The supercomputer is expected to run at a speed of 130 petaflops, meaning it is able to perform a mind-boggling 130 quadrillion calculations per second (that's 130 million billion).
Once complete (the target date is April 2018), the AI Bridging Cloud Infrastructure (ABCI) will be the most powerful supercomputer in the world, surpassing the current champion, China's Sunway TaihuLight, currently operating at 93 petaflops.
While the ABCI will not have a mouse or screen, it's not vastly different from a personal computer -- just souped-up, a whole lot faster, and much, much bigger.
"The current supercomputer system is one million times faster than your personal computers," explains Satoshi Sekiguchi, a director general at Japan's National Institute of Advanced Industrial Science and Technology.
Sekiguchi calculates that it would take 3,000 years for a personal computer to achieve what a supercomputer can do in just one day.
In terms of size, Japan's supercomputer will be comparable to a parking lot with space for 30 to 40 cars.
"The supercomputer that is currently under development would take up about 1,000 square meters of floor space," says Sekiguchi.
What will it be used for?
The ABCI could help Japanese companies develop and improve driverless cars, robotics and medical diagnostics, explains Sekiguchi.
"A supercomputer is an extremely important tool for accelerating the advancement in such fields," he says.
Its supersonic speed will also help Japan develop advances in artificial intelligence technologies, such as "deep learning."
But supercomputers are to thank for smaller everyday inventions too.
"The initial design of paper diapers was actually done using a supercomputer," explains Sekiguchi. "However, mothers continue to use them without knowing that fact."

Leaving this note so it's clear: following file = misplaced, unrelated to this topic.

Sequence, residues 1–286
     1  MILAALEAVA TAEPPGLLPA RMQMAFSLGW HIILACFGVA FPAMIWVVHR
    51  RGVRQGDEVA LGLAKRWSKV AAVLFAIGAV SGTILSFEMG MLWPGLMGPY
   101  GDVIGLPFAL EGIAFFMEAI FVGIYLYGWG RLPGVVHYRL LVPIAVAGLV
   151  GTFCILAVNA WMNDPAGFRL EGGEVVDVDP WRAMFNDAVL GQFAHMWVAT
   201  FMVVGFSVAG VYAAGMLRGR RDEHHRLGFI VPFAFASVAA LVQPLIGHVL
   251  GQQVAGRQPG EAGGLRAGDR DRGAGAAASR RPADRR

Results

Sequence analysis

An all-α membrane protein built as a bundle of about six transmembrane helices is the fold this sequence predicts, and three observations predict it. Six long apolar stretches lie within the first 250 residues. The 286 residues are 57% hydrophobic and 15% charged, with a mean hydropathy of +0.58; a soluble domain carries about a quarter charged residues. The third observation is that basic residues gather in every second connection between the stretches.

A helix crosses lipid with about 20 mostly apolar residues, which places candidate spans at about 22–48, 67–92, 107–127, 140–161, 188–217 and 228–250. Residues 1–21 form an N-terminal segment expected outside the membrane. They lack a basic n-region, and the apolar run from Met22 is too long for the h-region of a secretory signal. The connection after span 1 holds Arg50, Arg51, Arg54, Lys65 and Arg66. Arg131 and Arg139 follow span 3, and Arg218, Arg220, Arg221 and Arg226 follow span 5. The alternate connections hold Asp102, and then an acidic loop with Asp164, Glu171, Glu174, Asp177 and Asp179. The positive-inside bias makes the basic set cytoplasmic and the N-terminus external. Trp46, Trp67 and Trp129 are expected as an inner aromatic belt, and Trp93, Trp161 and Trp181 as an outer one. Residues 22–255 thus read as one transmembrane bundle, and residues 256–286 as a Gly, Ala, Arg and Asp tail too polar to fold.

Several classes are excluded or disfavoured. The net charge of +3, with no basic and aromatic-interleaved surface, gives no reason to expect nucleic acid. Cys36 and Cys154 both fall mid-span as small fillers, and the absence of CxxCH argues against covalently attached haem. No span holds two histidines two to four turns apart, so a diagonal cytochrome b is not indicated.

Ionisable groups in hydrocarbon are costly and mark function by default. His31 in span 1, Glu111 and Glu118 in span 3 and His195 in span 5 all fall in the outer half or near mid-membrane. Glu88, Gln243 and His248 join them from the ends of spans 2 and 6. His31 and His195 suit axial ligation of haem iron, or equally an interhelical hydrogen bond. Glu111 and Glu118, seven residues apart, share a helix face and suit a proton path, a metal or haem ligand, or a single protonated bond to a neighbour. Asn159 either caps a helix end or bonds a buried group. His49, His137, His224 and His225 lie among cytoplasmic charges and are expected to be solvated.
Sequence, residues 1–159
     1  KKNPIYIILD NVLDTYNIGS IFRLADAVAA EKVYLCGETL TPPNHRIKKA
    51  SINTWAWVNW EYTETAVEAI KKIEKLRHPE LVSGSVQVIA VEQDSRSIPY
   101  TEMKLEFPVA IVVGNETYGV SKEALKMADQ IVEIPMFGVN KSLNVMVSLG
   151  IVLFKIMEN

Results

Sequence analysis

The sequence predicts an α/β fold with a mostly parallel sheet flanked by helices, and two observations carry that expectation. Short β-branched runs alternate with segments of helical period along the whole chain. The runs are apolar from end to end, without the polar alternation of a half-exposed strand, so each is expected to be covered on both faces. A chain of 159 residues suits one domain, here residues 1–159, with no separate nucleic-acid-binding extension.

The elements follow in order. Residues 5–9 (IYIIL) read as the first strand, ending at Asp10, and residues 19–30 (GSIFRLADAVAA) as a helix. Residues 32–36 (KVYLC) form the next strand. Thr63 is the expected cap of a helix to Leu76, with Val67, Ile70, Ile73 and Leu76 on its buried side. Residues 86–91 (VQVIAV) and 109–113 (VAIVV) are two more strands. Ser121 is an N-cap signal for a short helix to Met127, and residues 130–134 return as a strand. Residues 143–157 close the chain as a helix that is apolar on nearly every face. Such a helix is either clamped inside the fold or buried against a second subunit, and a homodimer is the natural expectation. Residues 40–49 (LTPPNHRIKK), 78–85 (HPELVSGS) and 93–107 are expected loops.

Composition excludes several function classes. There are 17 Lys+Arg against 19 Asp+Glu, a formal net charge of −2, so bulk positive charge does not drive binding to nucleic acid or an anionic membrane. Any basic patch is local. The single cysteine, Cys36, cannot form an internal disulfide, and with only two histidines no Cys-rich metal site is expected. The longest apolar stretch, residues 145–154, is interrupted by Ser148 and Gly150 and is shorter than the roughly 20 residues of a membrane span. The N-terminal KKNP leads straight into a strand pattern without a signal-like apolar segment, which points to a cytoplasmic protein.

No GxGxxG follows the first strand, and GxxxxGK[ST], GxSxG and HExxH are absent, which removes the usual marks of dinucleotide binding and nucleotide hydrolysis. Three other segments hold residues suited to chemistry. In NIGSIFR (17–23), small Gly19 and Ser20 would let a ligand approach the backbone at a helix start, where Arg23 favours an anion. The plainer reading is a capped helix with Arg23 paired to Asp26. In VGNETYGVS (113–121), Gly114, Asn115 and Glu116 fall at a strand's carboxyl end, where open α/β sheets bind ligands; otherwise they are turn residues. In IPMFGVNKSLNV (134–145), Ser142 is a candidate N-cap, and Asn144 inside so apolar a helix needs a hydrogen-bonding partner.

$173m key to the future
Japan's Ministry of Economy, Trade and Industry will spend 19.5 billion yen ($173m) to build the ABCI and two research centers.
"They [the government] recognize that artificial intelligence will be a key to the future, or the key to the competitiveness of the industry," says Sekiguchi.
Japanese firms often turn to the likes of Amazon, Microsoft and Google when looking to crunch big numbers. But once it's running, Japanese researchers and companies will be able to pay to use the ABCI, rather than renting cycles on public clouds like Amazon Web Services or Microsoft Azure.
Race to the top?
Japan's K computer, which runs at just over 10 petaflops, claimed the title of world's fastest supercomputer for six months in 2011, before it was outperformed by the United States and China.
But for Sekiguchi, it is not about the race to build the fastest supercomputer.
"Before, there was a competition in the computer industry itself, however, from now on, it is going to be more about what you can do with the computers," he said.
"It is no longer about which computer becomes the best in the world, but rather, creating an environment in which these new applications can be used properly."